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Open Education in Practice. Hard and soft skills for creating open educational resources (OERs) and open content communities

Crowd and cloud: towards a collaborative future, 5 – 7 September 2012

The Designs on e-Learning (DeL) conference leads and fosters innovative practices in teaching and learning with technology in art, design and communication. (Download abstract and slides below)

Conference paper/workshop:

In this workshop participants will explore together the challenges, limitations and benefits of ‘being open online’ using an open online resource sharing day-to-day arts practice and research of art, design and media staff, students, alumni and practitioners. We will learn by doing and try out various essential live online practical OER experiments that question what being open and online means to us our practice and identities.

As education merges in the rapidly expanding field of social and cultural technological change, maintaining progressive practice in these new digitally enhanced learning spaces can presents new expectations, anxieties and challenges for all, being open online forces us to evaluate our web literacy skills. The technical skills or (hard skills) for developing or creating our personal and professional online environments can be achieved or learnt through various courses or online resources, although keeping pace with new and evolving applications and systems demands constant engagement.  As teachers and students we are socialised into what could be seen as restricted, uncreative, unfamiliar, out-dated and closed mode of being online, the VLE or institutional repository is built to conform to ‘old and closed’ conventional academic structures and processes.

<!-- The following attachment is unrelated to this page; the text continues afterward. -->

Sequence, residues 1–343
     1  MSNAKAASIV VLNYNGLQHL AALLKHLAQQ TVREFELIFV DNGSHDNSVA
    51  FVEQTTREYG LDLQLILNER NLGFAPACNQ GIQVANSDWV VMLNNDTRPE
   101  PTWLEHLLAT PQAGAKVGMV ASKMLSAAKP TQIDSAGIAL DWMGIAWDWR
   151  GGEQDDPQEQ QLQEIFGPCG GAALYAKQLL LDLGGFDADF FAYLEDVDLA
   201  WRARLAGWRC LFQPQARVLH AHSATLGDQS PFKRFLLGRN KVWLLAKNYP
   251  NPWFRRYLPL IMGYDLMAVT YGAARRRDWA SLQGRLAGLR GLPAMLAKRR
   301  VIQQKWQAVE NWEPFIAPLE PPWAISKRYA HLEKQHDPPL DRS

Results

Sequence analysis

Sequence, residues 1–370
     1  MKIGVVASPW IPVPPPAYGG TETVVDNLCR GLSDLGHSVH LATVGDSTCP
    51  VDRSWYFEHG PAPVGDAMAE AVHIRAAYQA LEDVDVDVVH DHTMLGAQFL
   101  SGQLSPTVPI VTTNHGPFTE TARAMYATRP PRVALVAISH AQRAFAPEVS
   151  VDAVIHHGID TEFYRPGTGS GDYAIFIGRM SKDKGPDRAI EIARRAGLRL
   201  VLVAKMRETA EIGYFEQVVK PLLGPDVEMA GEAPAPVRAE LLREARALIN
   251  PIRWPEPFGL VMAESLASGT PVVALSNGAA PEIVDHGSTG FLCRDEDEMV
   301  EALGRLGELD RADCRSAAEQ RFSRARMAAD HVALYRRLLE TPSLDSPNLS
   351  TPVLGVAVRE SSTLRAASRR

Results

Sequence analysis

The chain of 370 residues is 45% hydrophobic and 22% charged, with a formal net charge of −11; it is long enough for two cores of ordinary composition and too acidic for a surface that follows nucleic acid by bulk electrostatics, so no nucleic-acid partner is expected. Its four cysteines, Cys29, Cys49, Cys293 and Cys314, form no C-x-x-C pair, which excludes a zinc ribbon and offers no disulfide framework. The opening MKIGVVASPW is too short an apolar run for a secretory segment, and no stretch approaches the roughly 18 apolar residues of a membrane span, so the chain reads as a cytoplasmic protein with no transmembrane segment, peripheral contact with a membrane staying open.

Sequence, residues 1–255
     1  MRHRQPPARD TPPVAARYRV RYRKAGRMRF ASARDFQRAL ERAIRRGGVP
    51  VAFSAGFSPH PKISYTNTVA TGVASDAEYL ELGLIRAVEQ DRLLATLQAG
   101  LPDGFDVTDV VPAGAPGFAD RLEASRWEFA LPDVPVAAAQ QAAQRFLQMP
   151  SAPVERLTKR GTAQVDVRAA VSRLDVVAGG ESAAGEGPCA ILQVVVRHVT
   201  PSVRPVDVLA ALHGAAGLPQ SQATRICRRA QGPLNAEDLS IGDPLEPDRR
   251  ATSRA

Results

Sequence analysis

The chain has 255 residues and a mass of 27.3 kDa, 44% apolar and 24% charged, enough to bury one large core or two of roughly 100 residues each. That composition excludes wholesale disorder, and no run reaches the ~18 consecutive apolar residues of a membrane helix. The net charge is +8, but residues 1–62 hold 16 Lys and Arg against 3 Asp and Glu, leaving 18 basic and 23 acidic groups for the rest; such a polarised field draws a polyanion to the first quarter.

There is a huge leap to be made from the formal closed VLE into the ‘new’ open online ‘edusocial’ (educational social networked) open space, a leap into the unknown. There are currently no rules in this new open educational space and it’s something we are not being socialised into, we need to learn it ourselves and learn by doing.

As creative practitioners we are attracted to the unknown and the challenges of the new, as with other significant and historical technological movements such as TV and cinema the language of the media/practice can be defined for us by others. The open educational movement presents a challenge to the sector as a whole; we have the opportunity to define our own new modes of educational practice.


Chris Follows, DIAL project manager (Digital Integration into Arts Learning)  will draw from resources developed during the DIAL project from the many groups who have been engaged in the JISC funded digital literacies (DL) project at University of the arts London (UAL).  DIAL explores the pace of technological change and its impact on the day-to-day practices of its staff and students and aims to address improved graduate employability and cultural change by developing confidence and capability in the adoption and integration of digitally enhanced learning for staff and students.